Book Review: Nirendra Dev's "Modi to Moditva – An Uncensored Truth" Takes Readers to Gujarat & Indian Political Backstage

By WBRi Special Correspondent

New Delhi, Sep 9, 2012 (Washington Bangla Radio) What did Narendra Modi say after Vajpayee-Musharraf Agra Summit failed? What did Modi say when Atal Bihari Vajpayee asked him to implement ‘Raj Dharma’ in 2002 aftermath the riots?

Understanding the dynamics and complexities of Gujarat state and politics of Modi has perhaps become more important now than ever before when the political atmosphere is surcharged over Coalgate and Gujarat is heading towards another photo-finish assembly polls. Well, the new book by New Delhi-based scribe Nirendra Dev titled, 'Modi to Moditva - An Uncensored Truth' could be a revealing page-turner.

The book discusses various facets of Modi’s politics especially in last 10 years and underscores that Narendra Modi has perhaps emerged as an architect of change. He also wants to sell the development card to his voters and the rest of the world. The story of Gujarat in the last decade is the story of Modi, it says.

Dev feels like a writer with a divided sensibility but also deliberately raises a few uncomfortable questions.

He also throws a rather mystifying question: "If Modi is a pragmatic politician, how can he be faulted? (for Hindutva chauvinism) After all, which chief minister can go against the overwhelming near 90 per cent voice of his people?”. “Look at what Manipur chief minister did in disallowing Naga rebel leader Thuingaleng Muivah from visiting his native village? I call this phenomenon the ‘collaboration’ of the state with communal organizations,” says Dev, also a keen northeast watcher. “Modi is simply playing back to the gallery,” writes the author of ‘The Talking Guns: North East India’ published in 2008.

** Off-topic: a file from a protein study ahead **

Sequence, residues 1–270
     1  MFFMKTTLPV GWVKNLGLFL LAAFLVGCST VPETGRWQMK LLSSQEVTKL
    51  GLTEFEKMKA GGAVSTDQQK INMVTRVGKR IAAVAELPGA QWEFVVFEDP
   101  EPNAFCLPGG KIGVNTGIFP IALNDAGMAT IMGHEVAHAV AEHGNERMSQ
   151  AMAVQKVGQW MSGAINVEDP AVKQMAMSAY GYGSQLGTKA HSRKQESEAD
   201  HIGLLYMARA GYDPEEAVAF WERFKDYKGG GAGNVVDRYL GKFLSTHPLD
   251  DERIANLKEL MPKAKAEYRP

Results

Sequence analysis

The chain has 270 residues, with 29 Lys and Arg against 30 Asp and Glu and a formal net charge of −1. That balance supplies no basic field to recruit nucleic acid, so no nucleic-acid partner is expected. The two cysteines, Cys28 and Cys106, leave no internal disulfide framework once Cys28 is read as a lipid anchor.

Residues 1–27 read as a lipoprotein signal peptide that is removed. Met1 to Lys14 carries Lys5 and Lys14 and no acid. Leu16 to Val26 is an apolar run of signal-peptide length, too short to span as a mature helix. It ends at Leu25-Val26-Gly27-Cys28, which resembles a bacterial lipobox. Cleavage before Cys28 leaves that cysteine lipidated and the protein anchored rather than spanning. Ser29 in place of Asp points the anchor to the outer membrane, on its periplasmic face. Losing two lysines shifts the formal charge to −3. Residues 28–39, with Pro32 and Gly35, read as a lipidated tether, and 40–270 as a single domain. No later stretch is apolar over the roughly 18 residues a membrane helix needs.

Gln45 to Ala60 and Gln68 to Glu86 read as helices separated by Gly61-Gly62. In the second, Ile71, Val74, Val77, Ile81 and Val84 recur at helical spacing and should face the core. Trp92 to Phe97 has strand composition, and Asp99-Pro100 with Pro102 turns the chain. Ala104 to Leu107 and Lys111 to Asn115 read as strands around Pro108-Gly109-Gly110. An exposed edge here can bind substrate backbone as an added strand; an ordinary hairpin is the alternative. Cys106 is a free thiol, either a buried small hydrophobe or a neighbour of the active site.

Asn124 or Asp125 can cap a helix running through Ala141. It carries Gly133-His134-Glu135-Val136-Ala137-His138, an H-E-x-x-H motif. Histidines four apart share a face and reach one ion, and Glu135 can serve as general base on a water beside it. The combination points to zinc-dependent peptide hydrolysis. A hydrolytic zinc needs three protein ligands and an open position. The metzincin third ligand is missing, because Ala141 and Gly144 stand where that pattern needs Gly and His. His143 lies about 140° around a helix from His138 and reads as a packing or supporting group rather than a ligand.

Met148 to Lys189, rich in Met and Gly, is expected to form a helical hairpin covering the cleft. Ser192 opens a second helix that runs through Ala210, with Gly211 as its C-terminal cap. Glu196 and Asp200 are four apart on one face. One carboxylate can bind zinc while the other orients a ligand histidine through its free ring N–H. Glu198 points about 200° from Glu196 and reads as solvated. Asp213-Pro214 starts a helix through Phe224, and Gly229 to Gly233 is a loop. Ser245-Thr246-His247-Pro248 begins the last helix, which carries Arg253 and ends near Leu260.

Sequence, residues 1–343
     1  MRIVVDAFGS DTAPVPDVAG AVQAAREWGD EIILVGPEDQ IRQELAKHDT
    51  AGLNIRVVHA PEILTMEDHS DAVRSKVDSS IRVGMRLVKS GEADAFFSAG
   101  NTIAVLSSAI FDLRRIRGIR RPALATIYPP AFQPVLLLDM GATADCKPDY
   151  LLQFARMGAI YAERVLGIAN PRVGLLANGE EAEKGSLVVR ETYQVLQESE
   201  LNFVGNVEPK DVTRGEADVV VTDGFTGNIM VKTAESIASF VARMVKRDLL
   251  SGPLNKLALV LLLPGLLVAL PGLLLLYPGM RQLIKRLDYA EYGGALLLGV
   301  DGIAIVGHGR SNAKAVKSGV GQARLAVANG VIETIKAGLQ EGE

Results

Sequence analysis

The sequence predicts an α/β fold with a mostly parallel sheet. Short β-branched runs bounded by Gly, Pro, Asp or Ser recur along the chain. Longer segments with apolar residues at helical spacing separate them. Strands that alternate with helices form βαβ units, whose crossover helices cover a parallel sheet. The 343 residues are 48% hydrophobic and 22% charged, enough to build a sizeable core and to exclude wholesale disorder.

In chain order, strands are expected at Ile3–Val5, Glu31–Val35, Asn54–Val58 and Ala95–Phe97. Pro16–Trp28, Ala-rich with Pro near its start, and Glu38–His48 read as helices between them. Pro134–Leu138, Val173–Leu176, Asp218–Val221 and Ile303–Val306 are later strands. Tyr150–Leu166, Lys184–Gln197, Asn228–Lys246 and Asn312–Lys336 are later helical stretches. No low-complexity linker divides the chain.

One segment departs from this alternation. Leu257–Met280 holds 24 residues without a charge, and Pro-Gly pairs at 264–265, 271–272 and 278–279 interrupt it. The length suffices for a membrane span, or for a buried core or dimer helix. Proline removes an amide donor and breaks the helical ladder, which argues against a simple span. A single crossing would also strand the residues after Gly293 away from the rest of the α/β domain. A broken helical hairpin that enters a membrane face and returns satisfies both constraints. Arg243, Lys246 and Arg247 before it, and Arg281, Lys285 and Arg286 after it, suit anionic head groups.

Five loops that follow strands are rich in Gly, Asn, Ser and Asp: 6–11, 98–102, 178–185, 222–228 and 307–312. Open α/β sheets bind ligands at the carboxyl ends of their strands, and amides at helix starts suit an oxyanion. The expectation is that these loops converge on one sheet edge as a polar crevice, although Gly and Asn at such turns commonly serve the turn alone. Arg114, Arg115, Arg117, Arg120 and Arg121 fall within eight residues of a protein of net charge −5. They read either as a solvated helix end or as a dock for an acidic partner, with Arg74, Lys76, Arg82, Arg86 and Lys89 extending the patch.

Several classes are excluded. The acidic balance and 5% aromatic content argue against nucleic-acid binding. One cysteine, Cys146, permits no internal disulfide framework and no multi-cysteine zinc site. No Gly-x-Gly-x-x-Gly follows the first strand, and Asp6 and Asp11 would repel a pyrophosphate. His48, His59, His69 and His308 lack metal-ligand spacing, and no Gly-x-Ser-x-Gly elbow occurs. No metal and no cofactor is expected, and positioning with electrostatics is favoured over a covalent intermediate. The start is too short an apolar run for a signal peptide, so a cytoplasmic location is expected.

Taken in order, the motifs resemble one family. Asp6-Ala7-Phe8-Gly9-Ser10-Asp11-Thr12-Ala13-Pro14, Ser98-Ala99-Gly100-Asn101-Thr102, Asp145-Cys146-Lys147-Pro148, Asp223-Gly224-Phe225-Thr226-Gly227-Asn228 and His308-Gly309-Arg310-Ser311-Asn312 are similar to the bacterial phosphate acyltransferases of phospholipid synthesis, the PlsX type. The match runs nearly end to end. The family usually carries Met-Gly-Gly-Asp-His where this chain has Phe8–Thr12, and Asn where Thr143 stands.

The new book ‘Modi to Moditva’ also points up the obvious that the state’s principal opposition Congress is also trying to “play back to the audience without offering itself as a viable ‘secular’ alternative”. “While Sonia Gandhi’s party goes overboard in appeasing Muslims and also pinning the Sangh Parivar for Malegaon and Hyderabad blasts, it has turned to an ex-RSS man Shankersinh Vaghela to take on Modi. The party’s best known RSS-baiter Digvijaya Singh has maintained a silence on it.” In this context, he further says, so much has been Modi’s success in these endeavours that onetime Hindutva zealot Pravin Togadia has been “forced into oblivion” after a failed battle of wits with Narendra Modi. “While Modi and BJP are in power for more than last 10 years in Gujarat, a key frontal organization of the Sangh, the VHP has been rendered rather into playing a second fiddle if not totally out of scene.” It goes without saying that prior to the Modi phenomenon in Gujarat, the VHP used to call the shots.

Analyzing in some details, Dev, who has also authored another book on Gujarat, ‘Godhra – A Journey to Mayhem’ says even as constant efforts are on to market the Modi-brand as a pro-development card to garner votes, essentially Modi-brand is only “a Hindutva brand”. Narrating how the controversial Gujarat chief minister is trying to reinvent himself to gain “wider acceptability”, the book says, “It is perhaps with this issue in mind that his (Narendra Modi’s) poster was put in Ahmedabad airport, albeit for the first time, to wish good luck to the Haj pilgrims”.

On the post-Godhra riots, Dev says the anti-Muslim mayhem had a ‘salutary effect’ in uniting the Hindus. Such unity in a caste-ridden Hindu society in Gujarat was no mean achievement for the believers of Hindutva. Modi was strongly regarded as someone who stood by the Hindus and thus in no time, he emerged a local hero and Sangh Parivar propagandists rightly called him ‘Hindu Hridaysamrat’.

Dev feels in 2002 and after the “polarization of Hindu voters suited him (Modi)” but the manner and the speed with which it came, even Modi was left surprised. According to some police and administrative reports, the Gujarat government thought the retaliation could go on maximum for 72 hours; that is 3 days. But it went for three months. “Modi had to justify the reaction of the majority voters. This endeared him to Hindus irrespective of caste factors,” says the book.


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